Most of us have heard the saying, “If you can breathe, you can do yoga.”
Is that really true?
In a literal sense, yes. Because the definition of yoga is the yoking together of the breath and the movements of the body in order to still the mind, anyone who has any range of movement—even if it’s just the ability to blink their eyes, and can breath unassisted, can practice yoga. In fact, as I write that, I am struck by the possibility of leading people who are profoundly injured or incapacitated through a sequence built solely on the breath and movements of the eyes.
For the average bear, however, the question isn’t really, “Can I do yoga?” but, “What kind of yoga can I do?”
After I injured my back about a year ago, had surgery and completed physical therapy, I was shocked to discover that almost everyone on the medical team caring for me (with the exception of my doctor) had the mistaken belief that yoga—and when they said “yoga” it was totally unspecified—could magically fix any physical problem.
“You’re a yoga teacher?” I was constantly asked, “How did you end up here?”
Somewhere along the line, the concept of yoga has become misunderstood as a therapeutic catch all. People (including my own husband, who is married to a yoga teacher) persist in believing that any kind of yoga will help any kind of ailment.
This is very troubling to me for a couple of reasons.
First, people who believe that will try a yoga class at the gym or wherever (often at the suggestion of their well meaning doctor—my doc had operated on several yogis so was better-informed), discover that it is, in fact, very challenging and either never come back or get injured or both, and second, it de-values the idea of yoga as a whole.
Yoga is not physical therapy. Is it an entire philosophy which truly can, in the proper iteration, benefit every single person who is able to breathe.
But not if the people recommending it don’t understand what they are recommending.
Fortunately, it really is as simple as finding the appropriate class.
For true beginners, if the resources are available, a few private lessons are a wonderful idea. Privates are custom tailored to fit you and your knowledge or lack thereof, and can provide a solid foundation for a lifetime of practice.
If you can’t afford privates, but would still like to try them out, contact any studio that offers yoga teacher training and ask them if any newly-minted teachers would consider teaching you privately for a reduced price. Many new teachers would love the opportunity to gain experience and share with you some of the fantastic stuff they have just learned. The downside, of course, is their lack of seasoning, so I don’t suggest this for people who have complicated or profound physical limitations.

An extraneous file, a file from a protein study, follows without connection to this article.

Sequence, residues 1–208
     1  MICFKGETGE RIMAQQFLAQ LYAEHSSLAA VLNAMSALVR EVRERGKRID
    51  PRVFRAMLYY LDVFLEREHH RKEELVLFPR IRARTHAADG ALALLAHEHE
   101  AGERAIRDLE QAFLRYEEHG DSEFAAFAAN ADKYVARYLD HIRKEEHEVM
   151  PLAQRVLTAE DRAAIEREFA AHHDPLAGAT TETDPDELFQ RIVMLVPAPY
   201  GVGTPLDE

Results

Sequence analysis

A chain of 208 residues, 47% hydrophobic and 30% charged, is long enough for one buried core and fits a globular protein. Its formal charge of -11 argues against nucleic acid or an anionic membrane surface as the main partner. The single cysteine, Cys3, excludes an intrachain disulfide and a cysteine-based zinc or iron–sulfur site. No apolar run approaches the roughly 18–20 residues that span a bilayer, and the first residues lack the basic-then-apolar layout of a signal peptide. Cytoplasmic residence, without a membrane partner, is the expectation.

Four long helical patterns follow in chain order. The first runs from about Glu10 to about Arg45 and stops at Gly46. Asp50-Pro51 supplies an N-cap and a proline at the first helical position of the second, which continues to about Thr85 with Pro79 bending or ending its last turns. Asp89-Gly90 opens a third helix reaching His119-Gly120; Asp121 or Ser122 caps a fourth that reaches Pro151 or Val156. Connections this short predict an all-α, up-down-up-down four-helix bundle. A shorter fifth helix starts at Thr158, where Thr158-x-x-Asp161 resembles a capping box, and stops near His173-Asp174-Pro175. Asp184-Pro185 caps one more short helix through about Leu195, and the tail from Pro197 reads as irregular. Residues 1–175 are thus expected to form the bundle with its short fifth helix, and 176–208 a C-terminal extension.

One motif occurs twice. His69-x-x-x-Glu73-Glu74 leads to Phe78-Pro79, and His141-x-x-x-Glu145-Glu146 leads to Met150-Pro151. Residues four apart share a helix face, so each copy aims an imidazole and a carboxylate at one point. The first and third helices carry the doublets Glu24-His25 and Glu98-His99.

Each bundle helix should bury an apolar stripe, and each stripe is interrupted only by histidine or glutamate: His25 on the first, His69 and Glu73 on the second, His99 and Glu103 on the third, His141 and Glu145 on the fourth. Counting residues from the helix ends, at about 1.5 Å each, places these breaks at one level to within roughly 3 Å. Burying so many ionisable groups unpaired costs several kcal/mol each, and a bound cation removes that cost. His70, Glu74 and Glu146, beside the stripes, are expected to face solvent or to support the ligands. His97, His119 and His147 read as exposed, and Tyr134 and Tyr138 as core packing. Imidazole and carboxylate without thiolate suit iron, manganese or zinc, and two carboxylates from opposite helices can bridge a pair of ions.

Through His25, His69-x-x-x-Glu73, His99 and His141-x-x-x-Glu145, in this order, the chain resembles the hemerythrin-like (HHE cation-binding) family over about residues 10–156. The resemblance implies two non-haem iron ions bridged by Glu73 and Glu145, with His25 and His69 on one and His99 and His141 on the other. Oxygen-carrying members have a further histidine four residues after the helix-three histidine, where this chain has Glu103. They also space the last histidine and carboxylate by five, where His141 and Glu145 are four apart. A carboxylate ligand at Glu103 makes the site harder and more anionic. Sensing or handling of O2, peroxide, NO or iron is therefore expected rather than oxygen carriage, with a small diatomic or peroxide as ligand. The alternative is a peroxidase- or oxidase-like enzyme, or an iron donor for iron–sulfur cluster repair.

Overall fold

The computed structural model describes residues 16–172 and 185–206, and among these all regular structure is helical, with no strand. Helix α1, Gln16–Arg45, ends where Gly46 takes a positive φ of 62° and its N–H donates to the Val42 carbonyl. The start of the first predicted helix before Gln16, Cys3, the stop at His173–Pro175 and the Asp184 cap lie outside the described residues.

If privates aren’t for you, but you still want to give yoga a (safe) try, look for gentle, restorative or yin classes. Any of these will provide a nurturing, compassionate and not-intimidating entry into the world of yoga. There is no need to ever move beyond this type of class– you can stay at this level as long as it feel right.
If you live somewhere where you can’t find “softer” levels—though at this point, it seems there is a yoga studio on every block of every street in America—go to any multi-level or level 1 class anywhere. Just show up early and have a chat with the teacher. Explain whatever issues you may have. See what your teacher says, and if you feel you can trust him or her stay, and proceed with care. Just make sure to check your ego at the door; otherwise, despite your teacher, you may end up forcing something you’ll regret.
In answer to the question, Is yoga really for everyone? A resounding yes!!
But only if it is approached cautiously. Yoga is a great gift handed down to us from insightful teachers over thousands of years, not some superficial exercise. It is dynamic and healing and can change your life forever in countless wonderful ways, but it is not benign.
Enter into it thoughtfully, go slow, enjoy the process and you will find the incarnation of yoga that is meant for you.
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Ed: Sara Crolick